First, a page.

‘It’s about weathering the storm’: driving renewable deals amid current economic challenges

rer - price of power
“The way we buy has not really changed much, during the recent crises,” said Andrei-Ciprian Pop (second left). Image: PV Tech

Fluctuations in the price of power, and uncertainties about the potential returns for projects, should not dissuade investment in renewable power projects, according to speakers at Solar Media’s Renewable Energy Revenues Summit, held in London this morning.

“’What do you think is going to happen in the next 15 years?’ is a very complicated answer!’’ said Andrei-Ciprian Pop, procurement business partner at Nestle, who spoke from a buyer’s perspective at the ‘What’s a Fair Price for Power?’ panel.

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“We look at the market, we look at the global situation,” added Pop. “[We try to] keep the costs down as much as possible.”

The rising price of power is well-documented – with Eurostat reporting that the average power price jumped from around €0.25/kWh (US$0.27/kWh) in 2022 to €0.29/kWh the following year – as events such as Russia’s invasion of Ukraine have disrupted the continent’s power supply. However, he suggested that such concerns have not dissuaded companies from signing power purchase agreements (PPAs).

“The way we buy has not really changed much, during the recent crises; [we look] at whether we want to take a risk over the next 12 months, or if we want to take a quarterly basis,” added Pop, suggesting that macro-economic concerns could influence some of the decision-making processes, but have not inspired a radical change in the manner in which deals are conducted.

Indeed, James Zhou, energy markets manager at Octopus Energy Generation suggested that PPAs, in particular, could see more interest, as they are an effective risk-mitigation tool in an increasingly uncertain economic environment.

“The key risk that we’re trying to manage is power price risk; trying to maximise that range of outcomes while still making decent returns. in a market where subsidies are gradually dwindling away, that’s harder to provide,” said Zhou. “PPAs are a key tool in derisking. A PPA, for us, isn’t about securing debt, but it’s a risk mitigation tool.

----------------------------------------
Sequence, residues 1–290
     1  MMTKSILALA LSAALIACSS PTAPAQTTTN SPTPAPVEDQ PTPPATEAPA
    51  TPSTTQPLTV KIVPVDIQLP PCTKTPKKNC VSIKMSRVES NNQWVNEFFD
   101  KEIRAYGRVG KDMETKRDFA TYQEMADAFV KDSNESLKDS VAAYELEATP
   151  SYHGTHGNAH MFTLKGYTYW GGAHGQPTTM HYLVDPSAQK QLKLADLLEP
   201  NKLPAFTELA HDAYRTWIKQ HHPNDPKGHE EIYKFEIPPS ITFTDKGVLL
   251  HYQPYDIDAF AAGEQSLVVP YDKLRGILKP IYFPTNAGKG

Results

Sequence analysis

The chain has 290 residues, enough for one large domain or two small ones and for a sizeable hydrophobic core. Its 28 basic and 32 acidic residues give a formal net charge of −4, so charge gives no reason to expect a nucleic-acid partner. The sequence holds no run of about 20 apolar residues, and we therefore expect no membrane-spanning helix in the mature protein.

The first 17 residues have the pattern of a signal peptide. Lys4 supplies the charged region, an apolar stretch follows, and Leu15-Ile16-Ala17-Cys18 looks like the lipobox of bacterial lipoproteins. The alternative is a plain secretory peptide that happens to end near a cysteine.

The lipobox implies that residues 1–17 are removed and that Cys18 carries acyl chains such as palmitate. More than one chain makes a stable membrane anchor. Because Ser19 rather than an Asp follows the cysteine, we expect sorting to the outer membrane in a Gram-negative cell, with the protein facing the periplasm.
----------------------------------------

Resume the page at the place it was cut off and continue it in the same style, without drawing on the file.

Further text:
“When determining a fair price for power, [the question is] ‘How much is that risk reduction worth?’”

Ross Irvine, senior manager for PPA origination and structuring at EDF, said that this is of particular relevance for new companies looking to enter the corporate PPA space.

“You have to factor in the whole picture, as well as the PPA price you’re getting from a supplier,” said Irvine. David Abbott of Network Rail spoke to PV Tech Premium last year about the challenges faced by companies entering the solar space for the first time, and how PPAs can be both an integral part of these new companies’ involvement in the sector, and could provide some stability for an organisation learning the intricacies of the solar sector for the first time.

Similarly, Pop suggested that hedging could become increasingly significant, as investors look to reduce risk in increasingly diverse and complex power generation, or acquisition portfolios.

“Hedging is [one] of the strategies,” said Pop. “Hedges have a value on their own, doing nothing I would not recommend it. If we learned anything from the last year, most people have been burned by the electricity prices, especially in 2022.”

Ultimately, Zhou suggested that, while the current market environment can make decisions about the value of power and the cost of PPAs challenging to reach, this has not, and should not, dissuade interest in the sector.

“It’s a little bit slower, in general to fundraise,” said Zhou. “We are still fundraising and we’re seeing projects brought to market by developers. For us, it’s about weathering the storm and pushing through that. We want to keep executing high-quality PPAs with high-quality counterparties.”

PV Tech’s publisher, Solar Media, hosts the Renewable Energy Revenues Summit on 21-23 May 2024 in London. The event explores PPA design, the role of effective policy, evolving strategies for large energy buyers and more. For more information, go to the website.

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